About Douglas Abbott

I am a freelance writer by trade, philosopher and comedian by accident of birth. I am an assiduous observer of humanity and endlessly fascinated with people, the common elements that make us human, what motivates people and the fingerprint of God in all of us. I enjoy exploring the universe in my search for meaning, beauty and friendship. My writing is an extension of all these things and something I did for fun long before I ever got paid. My hope is that the reader will find in this portfolio a pleasing and inspiring literary hodgepodge. Good reading!
This entry was posted in Hardship and tagged , , , , , , . Bookmark the permalink.

4 Responses to Tough Economy

  1. Sarah Willems says:

    You’ve been given an incredible “stay” among the least applauded layer of society. I pray you can see yourself as a missionary to that strata of our culture — where most of us never get. Fully understanding that this is not exactly voluntary on your part, I see it as a God-ordianed assignment for his boy — an extension of Jesus, who, were he on earth today, would head in that diretion to live out the gospel among the strippers & druggies. Think Philippians 2:5-9, the ultimate “laying aside” of privilege — but done purposefully & strategically to rescue those at the bottom of the pile.
    No, no; you aren’t a “product” of your calling. Don’t let it suck you into its feeding trough. You are called (for this season of your life, however long that may be) to be Jesus to that hopeless element found in every neighborhood. Keep taking the high road. You have the precious seed — the TRUTH — to share with all who happen across your path.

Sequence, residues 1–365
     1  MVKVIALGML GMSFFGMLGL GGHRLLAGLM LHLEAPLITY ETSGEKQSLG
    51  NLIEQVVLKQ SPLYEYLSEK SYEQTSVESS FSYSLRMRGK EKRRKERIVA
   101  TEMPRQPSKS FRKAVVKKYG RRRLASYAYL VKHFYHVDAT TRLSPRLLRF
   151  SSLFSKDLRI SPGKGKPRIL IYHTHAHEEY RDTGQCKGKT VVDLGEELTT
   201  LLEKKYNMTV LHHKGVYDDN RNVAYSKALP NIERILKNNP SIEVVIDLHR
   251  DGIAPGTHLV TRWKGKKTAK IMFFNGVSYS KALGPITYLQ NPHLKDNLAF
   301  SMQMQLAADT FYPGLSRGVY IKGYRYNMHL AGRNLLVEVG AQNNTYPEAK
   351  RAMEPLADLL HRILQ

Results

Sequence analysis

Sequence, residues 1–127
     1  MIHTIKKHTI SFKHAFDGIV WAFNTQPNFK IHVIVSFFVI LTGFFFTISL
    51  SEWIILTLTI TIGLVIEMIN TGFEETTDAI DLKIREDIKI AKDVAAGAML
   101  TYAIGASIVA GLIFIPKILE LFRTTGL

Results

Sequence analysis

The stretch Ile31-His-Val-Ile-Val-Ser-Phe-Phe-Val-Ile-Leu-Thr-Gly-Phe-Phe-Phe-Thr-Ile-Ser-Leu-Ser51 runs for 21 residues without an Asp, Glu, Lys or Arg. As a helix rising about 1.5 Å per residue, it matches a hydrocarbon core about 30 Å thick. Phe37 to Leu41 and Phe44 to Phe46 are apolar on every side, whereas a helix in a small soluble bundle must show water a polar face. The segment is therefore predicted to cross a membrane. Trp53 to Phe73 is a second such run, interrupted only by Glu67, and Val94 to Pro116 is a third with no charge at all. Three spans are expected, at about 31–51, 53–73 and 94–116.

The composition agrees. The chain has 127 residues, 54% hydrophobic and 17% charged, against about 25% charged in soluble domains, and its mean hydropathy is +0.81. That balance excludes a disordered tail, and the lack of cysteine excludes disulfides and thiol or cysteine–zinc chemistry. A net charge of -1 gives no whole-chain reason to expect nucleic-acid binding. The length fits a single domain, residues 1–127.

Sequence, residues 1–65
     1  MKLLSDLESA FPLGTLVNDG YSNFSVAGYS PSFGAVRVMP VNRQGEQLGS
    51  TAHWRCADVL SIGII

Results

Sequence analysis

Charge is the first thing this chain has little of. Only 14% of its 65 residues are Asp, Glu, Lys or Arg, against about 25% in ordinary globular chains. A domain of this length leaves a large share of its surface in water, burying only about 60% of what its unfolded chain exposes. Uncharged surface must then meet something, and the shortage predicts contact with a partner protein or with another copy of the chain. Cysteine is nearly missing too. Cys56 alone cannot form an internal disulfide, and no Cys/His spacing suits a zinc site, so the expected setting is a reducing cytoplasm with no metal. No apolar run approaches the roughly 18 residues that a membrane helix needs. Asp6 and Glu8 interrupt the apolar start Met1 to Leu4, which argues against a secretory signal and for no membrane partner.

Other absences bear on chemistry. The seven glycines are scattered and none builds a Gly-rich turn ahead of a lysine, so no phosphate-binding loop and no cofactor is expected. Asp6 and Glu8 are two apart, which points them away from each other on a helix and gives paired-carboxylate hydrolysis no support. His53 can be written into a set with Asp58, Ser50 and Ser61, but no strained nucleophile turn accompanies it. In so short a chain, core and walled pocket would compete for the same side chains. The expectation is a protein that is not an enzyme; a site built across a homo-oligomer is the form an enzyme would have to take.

We pray a hedge of protection around you as we pray for a firey vision to regard your present calling as a “city set on a hill.” (Matthew 5:14-15)

  2. Robin says:

    I can share that my honey actually sold his when he was a young man in the military. I’m not clear on how many times, though. Not sure he had it down to the science you do. 😉 We can certainly say you’re finding unique things to do as you adapt to your situation. Perhaps your book will be a handbook to surviving – Making the Max of your Minimum.

    We’re thinking about you but not worried. Looks like you have things under control. It’s all about attitude. Hang in there.

    PS NO fake blood. With our justice system lately, it would seem you could be locked up longer for a prank than you might a serious crime. Not the way to get your 3 squares.

  3. Don says:

    OMG Doug! Your blogs are becoming even more poignant. I agree with Sarah that you are living among the natives perhaps to be their missionary. And I love Robin’s book title. I am managing 83 apartments in what amounts to the projects sort of. I forgot how so many people (probably the majority) live with so little in America. And these people complain less than my well to do friends. If you do the fake blood thing, be sure to video tape it for You Tube or maybe you could sell it to a reality tv show or something.

  4. Thank you, Auntie Sarah. I did get a bit bogged down, but I’m seeing things from a much better perspective again. I didn’t mean to imply that this was an imposition; just that it was perilous. I felt myself getting sucked in, but I keep having to face another round of choices, forks in the road. Somehow even in the midst of the most insane mental states, I see the futility of pursuing the carnal path. I am long past the season of “pleasure in sin.”

Leave a Reply

Fill in your details below or click an icon to log in: Logo

You are commenting using your account. Log Out /  Change )

Facebook photo

You are commenting using your Facebook account. Log Out /  Change )

Connecting to %s